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Barefoot and Happy

I watched Ramona clamber up the crumbly trunk of a Pohutukawa tree. She swung on to a branch, shaking off some of the red remnants of blossom, and jumped- bouncing onto the beach with a thud, her barefeet scattering sand.

She tumbled her body into the hole that someone had carved out of a massive bouy that now hung from a branch – a perfect swing. I could only see her feet now, hanging over the edge. It was a picture of lazy childhood bliss.

We have been travelling around the North Island of New Zealand for six weeks in our bus. We have been parking up in old friend’s gardens and on the shores of beautiful windy beaches, crashing waves lulling us to sleep. We have eaten a mountain of Fish and Chips, picked up about a billion beautiful shells and floated a billion bits of driftwood. We’ve visited probably every secondhand shop on this island and we have skulled back several pints of perfect coffee (do you know Kiwi’s created Flat Whites?) – it has been a caffeine fuelled riot of family capers.

There have been two epiphanies.

Firstly, Ramona is 100% kiwi. She is half kiwi by blood as my husband hails from Auckland but she is FULL kiwi in spirit.  She turns up at the playground and finds a whole bunch of kids, their hair unbrushed, some wearing their P.J’s, some with left over icecream or ketchup  smeared all over their face,  every one of them barefoot and she is like “These are my PEOPLE!”

One evening we turned up to a playground pretty late, at about 8:30pm and all the kids had gone home. But strewn across the park were shoes- welly boots, flip flops. As if the kids had simply discarded these unnecessary fripperies in their mission to Play Hard.

Ramona has never wanted to wear shoes, even in winter she would yank them off at every opportunity. In London I had resorted to describing to her in great detail every possible item that could jab into her unsheathed foot on the streets like “4 day old fried chicken bones that had been gnawed on by an old dude with a beard and no toothbrush.”

The streets are slightly less grubby here, but even if they weren’t I am sure people would continue to forgo shoes. Even in the cold marble floored supermarkets Dads push their trollies barefoot. When the schools are organizing trips they have to send home letters saying “Shoes Mandatory.”  They have only just started sending these letters – one of my friends did a 3 day hike with his school when he was 11, it didn’t even occur to him to bring shoes.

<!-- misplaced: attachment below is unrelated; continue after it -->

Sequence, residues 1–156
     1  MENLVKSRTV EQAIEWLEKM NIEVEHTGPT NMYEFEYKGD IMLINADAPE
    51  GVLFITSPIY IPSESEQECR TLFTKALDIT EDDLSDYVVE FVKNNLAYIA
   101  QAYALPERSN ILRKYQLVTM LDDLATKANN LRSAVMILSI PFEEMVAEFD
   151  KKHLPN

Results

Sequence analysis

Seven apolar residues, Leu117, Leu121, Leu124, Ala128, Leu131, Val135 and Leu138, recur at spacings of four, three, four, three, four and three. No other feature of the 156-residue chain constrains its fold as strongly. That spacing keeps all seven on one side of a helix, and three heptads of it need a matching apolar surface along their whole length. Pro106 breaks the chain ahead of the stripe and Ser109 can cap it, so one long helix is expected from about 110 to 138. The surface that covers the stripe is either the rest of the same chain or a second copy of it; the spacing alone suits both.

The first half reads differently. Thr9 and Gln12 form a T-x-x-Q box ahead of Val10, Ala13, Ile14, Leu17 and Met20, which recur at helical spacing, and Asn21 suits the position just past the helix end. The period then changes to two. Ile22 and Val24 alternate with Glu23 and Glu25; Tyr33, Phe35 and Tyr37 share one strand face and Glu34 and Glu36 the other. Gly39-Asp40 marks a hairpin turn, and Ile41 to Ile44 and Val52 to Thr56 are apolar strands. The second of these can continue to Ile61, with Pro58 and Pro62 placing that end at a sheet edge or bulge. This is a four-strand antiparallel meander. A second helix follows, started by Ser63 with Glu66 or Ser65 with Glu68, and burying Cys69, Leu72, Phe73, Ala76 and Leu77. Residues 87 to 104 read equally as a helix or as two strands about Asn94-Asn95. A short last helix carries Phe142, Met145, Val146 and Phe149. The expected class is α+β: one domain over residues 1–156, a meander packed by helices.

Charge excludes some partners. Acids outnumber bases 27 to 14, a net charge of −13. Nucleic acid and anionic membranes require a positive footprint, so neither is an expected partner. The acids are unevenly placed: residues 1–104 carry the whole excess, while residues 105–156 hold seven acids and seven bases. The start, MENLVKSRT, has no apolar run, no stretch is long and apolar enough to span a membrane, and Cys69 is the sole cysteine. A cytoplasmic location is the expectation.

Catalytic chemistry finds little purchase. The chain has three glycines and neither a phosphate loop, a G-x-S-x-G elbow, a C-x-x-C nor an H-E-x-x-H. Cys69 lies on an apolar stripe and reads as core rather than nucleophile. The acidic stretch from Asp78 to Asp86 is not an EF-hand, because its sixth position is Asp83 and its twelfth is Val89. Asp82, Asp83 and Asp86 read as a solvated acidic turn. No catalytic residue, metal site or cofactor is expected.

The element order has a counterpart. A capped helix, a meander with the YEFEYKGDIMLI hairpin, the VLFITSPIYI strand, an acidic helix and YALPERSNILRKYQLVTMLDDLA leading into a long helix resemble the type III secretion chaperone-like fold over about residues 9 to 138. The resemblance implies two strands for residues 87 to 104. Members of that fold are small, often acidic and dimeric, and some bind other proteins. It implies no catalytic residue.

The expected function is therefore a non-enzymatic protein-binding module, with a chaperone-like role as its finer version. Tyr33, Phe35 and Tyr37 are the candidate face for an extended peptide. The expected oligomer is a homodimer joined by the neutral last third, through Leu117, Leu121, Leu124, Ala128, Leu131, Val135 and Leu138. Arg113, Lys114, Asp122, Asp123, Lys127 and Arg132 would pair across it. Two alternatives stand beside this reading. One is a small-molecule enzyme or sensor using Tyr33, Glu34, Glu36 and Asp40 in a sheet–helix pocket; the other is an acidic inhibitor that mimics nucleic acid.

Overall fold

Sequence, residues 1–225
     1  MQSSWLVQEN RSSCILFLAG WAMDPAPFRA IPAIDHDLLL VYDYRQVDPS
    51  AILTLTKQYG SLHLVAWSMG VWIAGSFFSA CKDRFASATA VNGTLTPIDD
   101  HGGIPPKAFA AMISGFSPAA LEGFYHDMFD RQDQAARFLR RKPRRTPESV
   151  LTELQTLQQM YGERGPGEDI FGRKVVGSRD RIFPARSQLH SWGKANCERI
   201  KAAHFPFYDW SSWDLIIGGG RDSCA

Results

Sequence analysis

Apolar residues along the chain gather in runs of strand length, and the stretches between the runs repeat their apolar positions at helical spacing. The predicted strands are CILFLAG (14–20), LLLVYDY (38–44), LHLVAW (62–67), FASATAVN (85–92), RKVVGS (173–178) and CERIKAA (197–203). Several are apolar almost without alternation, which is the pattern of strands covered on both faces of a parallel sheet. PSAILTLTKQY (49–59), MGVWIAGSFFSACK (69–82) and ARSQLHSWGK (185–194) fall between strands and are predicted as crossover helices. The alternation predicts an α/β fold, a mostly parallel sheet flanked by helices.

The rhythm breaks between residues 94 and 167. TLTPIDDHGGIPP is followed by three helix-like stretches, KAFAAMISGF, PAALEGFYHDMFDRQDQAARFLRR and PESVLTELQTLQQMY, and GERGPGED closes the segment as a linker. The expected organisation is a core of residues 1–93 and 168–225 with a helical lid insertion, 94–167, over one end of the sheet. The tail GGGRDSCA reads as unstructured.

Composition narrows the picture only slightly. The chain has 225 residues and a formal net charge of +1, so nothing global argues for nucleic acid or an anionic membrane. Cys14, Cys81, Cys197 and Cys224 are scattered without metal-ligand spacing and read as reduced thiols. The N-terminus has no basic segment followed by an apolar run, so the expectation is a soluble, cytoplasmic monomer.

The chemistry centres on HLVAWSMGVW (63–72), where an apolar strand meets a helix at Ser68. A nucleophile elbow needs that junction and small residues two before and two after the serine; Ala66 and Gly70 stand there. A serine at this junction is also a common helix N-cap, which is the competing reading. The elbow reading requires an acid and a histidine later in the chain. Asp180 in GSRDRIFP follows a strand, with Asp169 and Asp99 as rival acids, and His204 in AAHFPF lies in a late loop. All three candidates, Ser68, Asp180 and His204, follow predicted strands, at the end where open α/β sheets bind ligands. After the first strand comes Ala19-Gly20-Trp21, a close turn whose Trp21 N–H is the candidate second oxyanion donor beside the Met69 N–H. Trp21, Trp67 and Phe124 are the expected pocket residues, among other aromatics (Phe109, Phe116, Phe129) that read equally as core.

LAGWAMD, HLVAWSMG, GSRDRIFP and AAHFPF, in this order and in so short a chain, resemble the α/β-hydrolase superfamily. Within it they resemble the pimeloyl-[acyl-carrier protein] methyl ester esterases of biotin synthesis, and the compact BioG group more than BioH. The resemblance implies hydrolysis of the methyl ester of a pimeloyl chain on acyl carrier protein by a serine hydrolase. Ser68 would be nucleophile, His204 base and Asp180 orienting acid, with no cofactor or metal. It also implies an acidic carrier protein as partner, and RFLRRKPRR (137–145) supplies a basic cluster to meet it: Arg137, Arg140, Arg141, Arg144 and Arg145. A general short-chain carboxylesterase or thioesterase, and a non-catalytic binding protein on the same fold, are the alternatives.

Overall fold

Shoe free. It is a statement. Feet unbound by rubber and leather; a nation uninhibited by etiquette and social class. New Zealand is so relaxed it is barely awake, its melatonin levels meaning it operates in some kind of imaginative, inventive dream state. My husband didn’t even own a tie until he moved to London aged 27.

Creativity unfettered and wildness celebrated.

Ramona is a Kiwi, no doubt about it.

(But, hey, perhaps all toddlers are Kiwis.)

The second epiphany has been about where to settle. New Zealand is a pretty big, spectacular place and with us having no jobs to go to yet and with friends plonked all over the North Island it has been hard deciding.

However, there is a little place called Thames an hour and a half out of Auckland, at the base of one of New Zealand’s most magnificent areas, the Coromandel Peninsula.  If we live there we can visit my husband’s family in Auckland for a day trip, or if we drive the other way we can visit Hot Water Beach – where you dig a hole in the sand that fills up with perfectly hot mineral water for a free seaside spa- for another kind of day trip.

There is also a farm there with a couple of families, ten chickens, one cow and a massive orchard that have offered us the opportunity to stay in exchange for working on the farm. It is an incredible chance to learn the ropes of organic self sufficiency although I think it might be a bit tough.

In a laughable, melodramatic contrast to our little brick Victorian Terrace in South London, we will be living in a yurt.

A yurt.

We will be drinking milk from the cow whose udders we tweaked that morning.

Carrots straight from the soil.

Energy only from the sun.

Doing our business in an outdoor composting toilet.

It is life pared down to its very basics.

We are able to buy land right now, which we want to do eventually, but we are waiting for the right spot. It feels bizarre to be living such a simple life when we are (relatively) flush.

But we are searching for something money can’t buy.

Community, a tribe with home to raise our families.

Connection to the earth.


I worry that we are not going to be able to do it.  That it will be too cold. There will be too many beatles in my bed. Too many creatures scurrying around while I am trying to do a poo. Too much nature up in our grills.

But then I think about all the other people throughout history who have changed the course of their lives in a big, scary way. Like those American pioneer families with their cool wagons.  Only about a fifth of them died in the process of their adventure.  *Googles* Oh, actually it was more like 1 in 4.  So there is hope for three of us making it through.

We move into our yurt tomorrow. Wish us luck! And pray that I won’t be the first urbanite to die due to hearing a possum whilst pooing out in the cold.


Lucy writes a parenting and lifestyle blog over at Lulastic and the Hippyshake ( and she just recently launched a thrifty blog, Wonderthrift, especially for stylish and eco minded folk who want to save money. Lucy, her husband, and her two daughters have just moved to New Zealand and you can follow their adventures in wilderness each month here on Loved By Parents

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